OKLAHOMA CITY (KFOR) – A teen is on the road to recovery and getting ready to start her senior year after battling a mysterious illness her family was afraid would take her life.

“I thought, she is wasting away in front of our eyes,” said Dr. Sherisa Warren, with The Cardiovascular Health Clinic in OKC.

“I felt like I was going to throw up almost every time I ate,” said Ryanne Cook.

Cook is slowly starting to gain back the weight she lost during a two-year illness. At the beginning, it wasn’t just trouble eating, she was having trouble breathing.

“As soon as I’d inhale, I had to exhale immediately because I couldn’t hold it there,” said the 17-year-old Cook. “From the moment I sat up in bed, I knew that I was going to be hurting all day.”

Cook’s family went to several doctors, their answers never seemed right. One doctor suggested it was all in her head, and she needed to go to a psych ward.

“I was told that I had an eating disorder and that I was being bullied at school, which is funny because I’m homeschooled,” she said.

Cook stayed in bed, sleeping 18-hours a day. She often found escape through music and her artwork. In December, she was taken to the hospital because she only weighed 80 pounds. She had a feeding put in for four months.

“I felt just physically and mentally drained all the time,” said Cook.

Cook said the doctor gave her a scan showing something was wrong with her celiac artery that comes off of her aorta. They told her it could be Celiac Artery Compression Syndrome, or MALS. Her family believed they found the answer, but said they still faced roadblocks.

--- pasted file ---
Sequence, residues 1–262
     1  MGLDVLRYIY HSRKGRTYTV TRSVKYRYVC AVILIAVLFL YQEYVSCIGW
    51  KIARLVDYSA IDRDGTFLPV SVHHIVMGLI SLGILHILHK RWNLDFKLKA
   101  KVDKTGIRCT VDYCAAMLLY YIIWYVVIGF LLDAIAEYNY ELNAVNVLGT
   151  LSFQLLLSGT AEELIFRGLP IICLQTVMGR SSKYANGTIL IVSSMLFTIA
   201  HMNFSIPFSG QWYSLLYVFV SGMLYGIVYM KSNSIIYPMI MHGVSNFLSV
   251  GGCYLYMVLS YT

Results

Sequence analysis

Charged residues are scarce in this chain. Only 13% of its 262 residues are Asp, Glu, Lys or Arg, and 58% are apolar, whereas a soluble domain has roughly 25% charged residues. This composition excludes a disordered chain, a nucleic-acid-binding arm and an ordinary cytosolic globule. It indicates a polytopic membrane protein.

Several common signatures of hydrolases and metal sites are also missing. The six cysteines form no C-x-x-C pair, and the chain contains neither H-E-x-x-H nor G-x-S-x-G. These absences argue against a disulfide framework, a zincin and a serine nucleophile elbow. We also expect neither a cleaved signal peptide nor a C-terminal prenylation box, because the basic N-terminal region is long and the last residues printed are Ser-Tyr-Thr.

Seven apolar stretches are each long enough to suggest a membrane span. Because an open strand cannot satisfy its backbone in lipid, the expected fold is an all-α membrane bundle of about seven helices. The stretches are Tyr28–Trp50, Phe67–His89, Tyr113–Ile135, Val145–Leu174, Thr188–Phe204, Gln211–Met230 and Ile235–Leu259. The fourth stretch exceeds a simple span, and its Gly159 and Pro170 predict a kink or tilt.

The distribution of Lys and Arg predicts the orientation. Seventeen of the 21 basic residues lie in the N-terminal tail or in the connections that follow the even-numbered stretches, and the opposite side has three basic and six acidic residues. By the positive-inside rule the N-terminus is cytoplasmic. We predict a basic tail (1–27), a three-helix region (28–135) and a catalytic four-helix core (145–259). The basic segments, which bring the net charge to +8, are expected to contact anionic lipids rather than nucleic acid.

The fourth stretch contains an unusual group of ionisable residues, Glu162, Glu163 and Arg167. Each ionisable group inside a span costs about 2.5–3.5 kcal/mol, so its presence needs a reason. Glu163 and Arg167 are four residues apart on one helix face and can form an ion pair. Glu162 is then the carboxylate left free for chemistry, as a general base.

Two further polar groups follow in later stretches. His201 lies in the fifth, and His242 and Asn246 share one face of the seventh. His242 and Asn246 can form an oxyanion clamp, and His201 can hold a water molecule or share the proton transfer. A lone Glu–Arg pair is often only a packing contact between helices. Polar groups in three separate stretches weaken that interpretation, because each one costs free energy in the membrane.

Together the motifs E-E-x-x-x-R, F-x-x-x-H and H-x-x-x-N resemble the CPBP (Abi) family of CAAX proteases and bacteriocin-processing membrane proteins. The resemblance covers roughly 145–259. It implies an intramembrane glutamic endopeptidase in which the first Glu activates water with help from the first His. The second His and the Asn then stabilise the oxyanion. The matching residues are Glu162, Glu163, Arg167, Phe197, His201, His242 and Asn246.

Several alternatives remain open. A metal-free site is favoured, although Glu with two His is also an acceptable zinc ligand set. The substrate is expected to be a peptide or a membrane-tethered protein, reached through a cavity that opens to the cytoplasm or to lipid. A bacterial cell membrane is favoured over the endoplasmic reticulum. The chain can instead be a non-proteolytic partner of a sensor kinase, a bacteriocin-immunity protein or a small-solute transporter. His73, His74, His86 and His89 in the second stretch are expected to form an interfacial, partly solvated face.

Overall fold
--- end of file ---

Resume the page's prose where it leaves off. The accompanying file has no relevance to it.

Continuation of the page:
“We couldn’t find doctors here who were willing to do the surgery because either they didn’t believe that MALS existed at all or they just didn’t believe that that was my problem,” said Cook.

Her family said they eventually found Dr. Sherisa Warren at the Cardiovascular Health Clinic in OKC.

“She needed fast help, immediate help,” said Dr. Warren. “Her presentation was the worst we’d seen all year.”

After more tests, Dr. Warren confirmed Cook had MALS.

The teen’s breathing muscle tissue, surrounding her aorta, was too tight, almost completely smashing down her Celiac Artery and nerve tissue around it

“In addition to the mechanical compression that ends up with the vomiting, the diarrhea, the bloating, the intolerance to food that goes along with this condition,” said Warren. “The fix is actually to go in and dissect that tissue out that is squishing the artery and release it.”

Dr. Warren said MALS is a random fluke two out of 100,000 people are born with.

“It may be more of a under-diagnosed condition in my opinion,” said Dr. Warren. “Some patients have it to a certain extent and don’t know about it.”

In May, Cook got the surgery. Since then, she’s gained 15 pounds. Sunday she weighed 95 pounds. She’s on the road to recovery.

Now, she wants others like her to know they’re not alone.

“There are probably a lot of people who experience similar symptoms and may have this, but they’re not being told they have it,” said Cook.

“It doesn’t matter what condition it is. Don’t let anyone tell you something that you don’t feel is right with your own body,” said Dr. Warren.

For more information on MALS Syndrome, visit the National MALS Foundation.